Bowled over: Turf Bowl champs shine in volunteer opportunity

Penn State’s Turf Bowl winners ‘had a blast’ pitching in at the AT&T Byron Nelson.

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Penn State Turf Bowl team
Members of Penn State’s victorious 2019 Turf Bowl team — from left, Ian Patterson, Alex Hendler and Seth Re — say they were thrilled to spend a week working on the crew for the AT&T Byron Nelson at Trinity Forest Golf Club in Dallas. Photo courtesy of Ian Patterson


Just one-third of the winning Turf Bowl trio who reaped the final rewards of that victory — a spot on the volunteer crew at last month’s AT&T Byron Nelson at Trinity Forest Golf Club in Dallas — plans to make a career in golf course maintenance.

But that’s not a reflection on their experience at the PGA Tour stop.

“It was probably one of the funnest things I’ve done in my short career,” says recent Penn State graduate Seth Re, who had not only planned to work in the golf course management field, but began doing so the day after his return from Dallas, starting as assistant superintendent at Hanover Country Club in Abbottstown, Pa. “It was just ... fun,” Re says of the group’s time at Trinity Forest. “All three of us had a blast, which is kind of funny, because we were all nervous going in. We didn’t know what to expect. But management was so good, and everybody was so professional. We just fit right in.”

Re had teamed with Alex Hendler, Ian Patterson and Nicholas Chamberlin to win the 2019 GCSAA Collegiate Turf Bowl Competition, presented in partnership with John Deere Golf, in February at the Golf Industry Show in San Diego. Chamberlin, who had graduated from Penn State in December 2018, is currently working at an internship in Tampa Bay, Fla., so that left Re, Hendler and Patterson to collect the final Turf Bowl prize: a weeklong trip to Dallas and Trinity Forest Golf Club to work on the volunteer crew tending the course for the Byron Nelson, which ran May 9-12.

“It was all-around a great experience,” says Hendler, who, like Re, graduated in May. “It was just great to see how they handled it and to meet so many different people from all over the country, and in one case outside of the country. It was great to see how a tournament like that is run and to work with others in the industry.”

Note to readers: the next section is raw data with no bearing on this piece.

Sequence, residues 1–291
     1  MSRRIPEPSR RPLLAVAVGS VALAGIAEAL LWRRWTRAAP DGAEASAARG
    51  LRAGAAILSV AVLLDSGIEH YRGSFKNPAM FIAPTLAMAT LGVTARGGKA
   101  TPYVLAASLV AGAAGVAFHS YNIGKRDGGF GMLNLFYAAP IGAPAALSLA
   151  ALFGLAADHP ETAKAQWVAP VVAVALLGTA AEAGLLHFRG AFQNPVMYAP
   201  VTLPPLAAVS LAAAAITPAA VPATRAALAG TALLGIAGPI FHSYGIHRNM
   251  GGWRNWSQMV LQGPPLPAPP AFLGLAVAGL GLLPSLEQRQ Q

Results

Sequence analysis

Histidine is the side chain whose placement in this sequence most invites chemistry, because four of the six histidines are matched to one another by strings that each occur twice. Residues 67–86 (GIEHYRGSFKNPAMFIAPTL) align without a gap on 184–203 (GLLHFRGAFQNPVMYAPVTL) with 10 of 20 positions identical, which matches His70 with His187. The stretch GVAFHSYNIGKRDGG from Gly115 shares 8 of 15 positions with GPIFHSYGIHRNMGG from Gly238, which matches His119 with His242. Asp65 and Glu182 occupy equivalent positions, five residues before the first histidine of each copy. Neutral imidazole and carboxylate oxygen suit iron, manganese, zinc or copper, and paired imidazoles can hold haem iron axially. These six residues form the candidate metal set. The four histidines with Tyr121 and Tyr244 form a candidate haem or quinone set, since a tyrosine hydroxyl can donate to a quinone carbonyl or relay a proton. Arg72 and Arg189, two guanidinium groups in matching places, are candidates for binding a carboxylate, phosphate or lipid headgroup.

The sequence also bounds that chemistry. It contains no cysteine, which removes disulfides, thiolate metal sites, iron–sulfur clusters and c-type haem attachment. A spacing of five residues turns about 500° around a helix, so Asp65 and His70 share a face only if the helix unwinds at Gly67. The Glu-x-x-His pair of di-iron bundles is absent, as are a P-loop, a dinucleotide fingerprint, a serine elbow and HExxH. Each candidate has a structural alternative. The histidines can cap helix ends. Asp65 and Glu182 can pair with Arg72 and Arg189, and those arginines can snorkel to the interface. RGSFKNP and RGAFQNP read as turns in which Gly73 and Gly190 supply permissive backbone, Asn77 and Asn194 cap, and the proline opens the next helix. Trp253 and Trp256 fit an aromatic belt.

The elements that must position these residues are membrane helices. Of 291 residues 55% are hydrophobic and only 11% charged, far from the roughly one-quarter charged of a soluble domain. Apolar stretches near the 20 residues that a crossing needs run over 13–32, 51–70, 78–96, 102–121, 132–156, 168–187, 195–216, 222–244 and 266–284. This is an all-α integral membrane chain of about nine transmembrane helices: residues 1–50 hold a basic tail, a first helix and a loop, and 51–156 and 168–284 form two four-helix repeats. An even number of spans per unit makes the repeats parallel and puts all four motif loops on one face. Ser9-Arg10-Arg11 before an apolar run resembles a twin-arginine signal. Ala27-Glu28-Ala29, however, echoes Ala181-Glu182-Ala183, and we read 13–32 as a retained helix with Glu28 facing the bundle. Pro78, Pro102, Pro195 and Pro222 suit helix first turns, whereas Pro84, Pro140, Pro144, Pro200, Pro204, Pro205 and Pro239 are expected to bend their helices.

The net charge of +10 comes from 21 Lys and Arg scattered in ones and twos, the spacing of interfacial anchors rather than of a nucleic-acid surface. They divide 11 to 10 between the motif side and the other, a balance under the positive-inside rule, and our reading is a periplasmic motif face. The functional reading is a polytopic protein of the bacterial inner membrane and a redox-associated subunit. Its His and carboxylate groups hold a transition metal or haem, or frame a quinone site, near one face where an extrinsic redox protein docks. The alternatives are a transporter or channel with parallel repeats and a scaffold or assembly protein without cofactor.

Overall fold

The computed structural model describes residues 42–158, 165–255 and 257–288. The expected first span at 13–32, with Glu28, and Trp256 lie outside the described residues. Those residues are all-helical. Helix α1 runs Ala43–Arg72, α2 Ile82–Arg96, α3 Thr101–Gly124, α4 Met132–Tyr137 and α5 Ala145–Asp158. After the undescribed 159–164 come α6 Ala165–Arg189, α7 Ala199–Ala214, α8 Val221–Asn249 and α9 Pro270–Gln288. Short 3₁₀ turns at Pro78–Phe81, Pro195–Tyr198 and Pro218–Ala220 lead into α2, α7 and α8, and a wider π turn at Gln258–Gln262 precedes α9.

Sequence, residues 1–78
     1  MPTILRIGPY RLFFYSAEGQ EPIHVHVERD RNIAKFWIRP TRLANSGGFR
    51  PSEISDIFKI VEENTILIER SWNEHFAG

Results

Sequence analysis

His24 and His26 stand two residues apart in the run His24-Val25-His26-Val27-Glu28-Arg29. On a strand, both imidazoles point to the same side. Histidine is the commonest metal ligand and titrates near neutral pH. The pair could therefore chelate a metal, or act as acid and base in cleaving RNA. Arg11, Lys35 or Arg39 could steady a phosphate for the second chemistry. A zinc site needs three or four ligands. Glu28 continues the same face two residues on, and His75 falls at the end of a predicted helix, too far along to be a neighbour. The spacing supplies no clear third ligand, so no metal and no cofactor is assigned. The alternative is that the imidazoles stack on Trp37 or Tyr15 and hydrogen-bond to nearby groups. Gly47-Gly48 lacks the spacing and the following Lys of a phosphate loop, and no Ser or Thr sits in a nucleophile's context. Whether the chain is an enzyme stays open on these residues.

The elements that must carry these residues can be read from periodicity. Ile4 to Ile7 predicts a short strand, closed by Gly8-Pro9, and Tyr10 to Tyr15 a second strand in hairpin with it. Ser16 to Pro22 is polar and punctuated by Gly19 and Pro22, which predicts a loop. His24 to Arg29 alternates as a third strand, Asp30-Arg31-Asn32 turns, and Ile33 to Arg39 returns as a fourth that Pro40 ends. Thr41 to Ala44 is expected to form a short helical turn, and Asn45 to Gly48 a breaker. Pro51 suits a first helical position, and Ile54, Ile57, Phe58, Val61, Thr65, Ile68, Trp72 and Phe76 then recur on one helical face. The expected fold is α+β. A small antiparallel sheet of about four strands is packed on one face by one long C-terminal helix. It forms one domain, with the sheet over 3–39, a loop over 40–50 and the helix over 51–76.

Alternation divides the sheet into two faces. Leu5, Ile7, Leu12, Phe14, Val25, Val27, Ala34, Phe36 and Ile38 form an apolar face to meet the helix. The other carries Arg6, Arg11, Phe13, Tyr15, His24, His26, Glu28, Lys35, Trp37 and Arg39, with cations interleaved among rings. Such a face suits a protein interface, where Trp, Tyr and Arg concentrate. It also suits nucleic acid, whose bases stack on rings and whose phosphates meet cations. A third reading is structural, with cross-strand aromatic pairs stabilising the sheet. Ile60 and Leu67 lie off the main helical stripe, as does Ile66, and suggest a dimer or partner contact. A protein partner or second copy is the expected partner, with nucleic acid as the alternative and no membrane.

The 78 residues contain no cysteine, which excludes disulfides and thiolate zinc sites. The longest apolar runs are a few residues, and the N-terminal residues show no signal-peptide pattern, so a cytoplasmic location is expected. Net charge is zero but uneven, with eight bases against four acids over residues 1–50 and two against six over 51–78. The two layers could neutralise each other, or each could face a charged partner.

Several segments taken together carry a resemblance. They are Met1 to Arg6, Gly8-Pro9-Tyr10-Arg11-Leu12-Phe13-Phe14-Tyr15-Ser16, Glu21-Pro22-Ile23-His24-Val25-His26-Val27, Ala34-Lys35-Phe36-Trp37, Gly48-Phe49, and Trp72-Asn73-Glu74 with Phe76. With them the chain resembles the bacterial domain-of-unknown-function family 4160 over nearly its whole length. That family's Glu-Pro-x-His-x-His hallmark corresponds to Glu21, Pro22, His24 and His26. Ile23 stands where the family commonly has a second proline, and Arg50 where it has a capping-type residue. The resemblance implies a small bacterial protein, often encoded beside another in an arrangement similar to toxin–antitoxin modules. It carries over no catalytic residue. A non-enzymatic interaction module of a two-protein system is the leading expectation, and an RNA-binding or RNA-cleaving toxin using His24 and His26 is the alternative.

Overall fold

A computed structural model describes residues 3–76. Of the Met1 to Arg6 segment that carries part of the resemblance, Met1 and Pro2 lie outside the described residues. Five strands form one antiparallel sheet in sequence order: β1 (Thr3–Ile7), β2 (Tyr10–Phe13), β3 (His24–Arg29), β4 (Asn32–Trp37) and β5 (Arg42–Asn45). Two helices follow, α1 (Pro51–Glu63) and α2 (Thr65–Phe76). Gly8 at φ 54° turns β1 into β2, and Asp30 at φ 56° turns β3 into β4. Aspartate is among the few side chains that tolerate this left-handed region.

“It was awesome,” adds Patterson, who still has a semester to go at Penn State. “The course was great. We saw a couple of good people play, and we got to walk-mow greens. It was just a great experience.”

The event capped a whirlwind couple of weeks for the Nittany Lions. After completing finals week on Friday, May 3, Re and Hendler went through graduation — and the resultant celebration — that Sunday. Monday, they traveled to Dallas, hit the course first thing Tuesday morning, and worked through Sunday. They then parted ways.

Re headed to Hanover, where he was reunited with superintendent Bill Brooks, a 32-year GCSAA member who was Re’s boss when Re worked on the crew at Hanover before college.

Trinity Forest green
Seth Re took a quick break from an early morning shift at the AT&T Byron Nelson to catch this sunrise over Trinity Forest’s No. 18 green. Photo by Seth Re


Hendler will spend his summer in Happy Valley, Pa., working on the crew for Beaver Stadium, home of Penn State football. His primary interest is in sports turf in general and baseball in particular. Given the timing of hiring for baseball jobs, Hendler plans to stay at Beaver Stadium until fall and try to land a baseball job then.

“Even though I don’t want to work in golf, this (the AT&T Byron Nelson) was a great experience, and I think it will definitely benefit me in the long run,” Hendler says.

Post-tournament, Patterson reported to the University of Maryland, where he’ll work through the summer on the Terrapins’ athletic facilities, particularly baseball, football, soccer and softball. Upon graduation, Patterson plans to pursue a career in university sports turf.

Patterson was the only one of the three Penn Staters who had previous PGA Tour experience. In 2017, he interned at The Greenbrier in White Sulphur Springs, W.Va., and was there when the PGA Tour made its stop for the Greenbrier Classic at The Old White TPC Course. He was keen to compare the experiences.

“This one was a lot more laid-back,” Patterson says. “They really just went with the punches, but they were still able to get everything done. That (the Greenbrier Classic) was very fast-paced. They tried to make sure everybody was doing everything perfect.”

About the only damper on the trio’s trip to Trinity Forest was the damp. About 4 inches of rain fell during their stay, which created logistical logjams and lengthy layovers.

“We had some issues with the rain, obviously,” Hendler says, “but it was interesting to see how they handled it.”

In Re’s case, a rain delay resulted in his favorite moment from the experience. Saturday afternoon, after having reported for duty well before dawn, the crew finally received word that they were to get to work. “The PGA Tour people decided we needed to get out there,” Re recalls. “I got to mow the putting green, No. 18 and No. 9. It was run-and-gun. The adrenaline was pumping. And I’ll never forget this: I was mowing the putting green — we got five passes in — and some of the pros started coming out to the putting green. The galleries were out. They started taking videos of us. I even made it on Golf Channel — a little clip.”

And did the gallery roar?

“Actually, I was mowing on No. 9, and a guy was coming up to do the Stimpmeter. I gave him a fist bump. Some people saw it and started clapping,” Re says with a laugh.


Andrew Hartsock is GCM’s managing editor.

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